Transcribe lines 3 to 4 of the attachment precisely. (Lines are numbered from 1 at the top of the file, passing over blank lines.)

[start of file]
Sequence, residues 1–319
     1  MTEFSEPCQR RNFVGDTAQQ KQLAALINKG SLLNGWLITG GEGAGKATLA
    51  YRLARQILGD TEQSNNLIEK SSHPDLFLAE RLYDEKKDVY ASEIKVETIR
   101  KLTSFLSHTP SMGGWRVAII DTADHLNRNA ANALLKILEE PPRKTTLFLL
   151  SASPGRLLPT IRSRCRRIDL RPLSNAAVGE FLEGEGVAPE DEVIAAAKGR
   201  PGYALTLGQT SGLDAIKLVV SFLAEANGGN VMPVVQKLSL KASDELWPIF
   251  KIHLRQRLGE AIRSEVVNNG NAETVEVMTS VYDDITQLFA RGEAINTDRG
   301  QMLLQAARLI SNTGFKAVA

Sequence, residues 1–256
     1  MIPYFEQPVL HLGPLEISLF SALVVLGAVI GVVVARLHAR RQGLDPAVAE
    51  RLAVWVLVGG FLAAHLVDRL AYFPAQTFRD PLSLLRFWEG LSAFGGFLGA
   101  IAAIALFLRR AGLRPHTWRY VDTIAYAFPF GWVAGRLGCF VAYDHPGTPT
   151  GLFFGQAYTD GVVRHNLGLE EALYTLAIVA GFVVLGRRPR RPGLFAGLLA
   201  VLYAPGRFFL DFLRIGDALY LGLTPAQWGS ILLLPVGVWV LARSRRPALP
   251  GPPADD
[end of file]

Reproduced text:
    51  YRLARQILGD TEQSNNLIEK SSHPDLFLAE RLYDEKKDVY ASEIKVETIR
   101  KLTSFLSHTP SMGGWRVAII DTADHLNRNA ANALLKILEE PPRKTTLFLL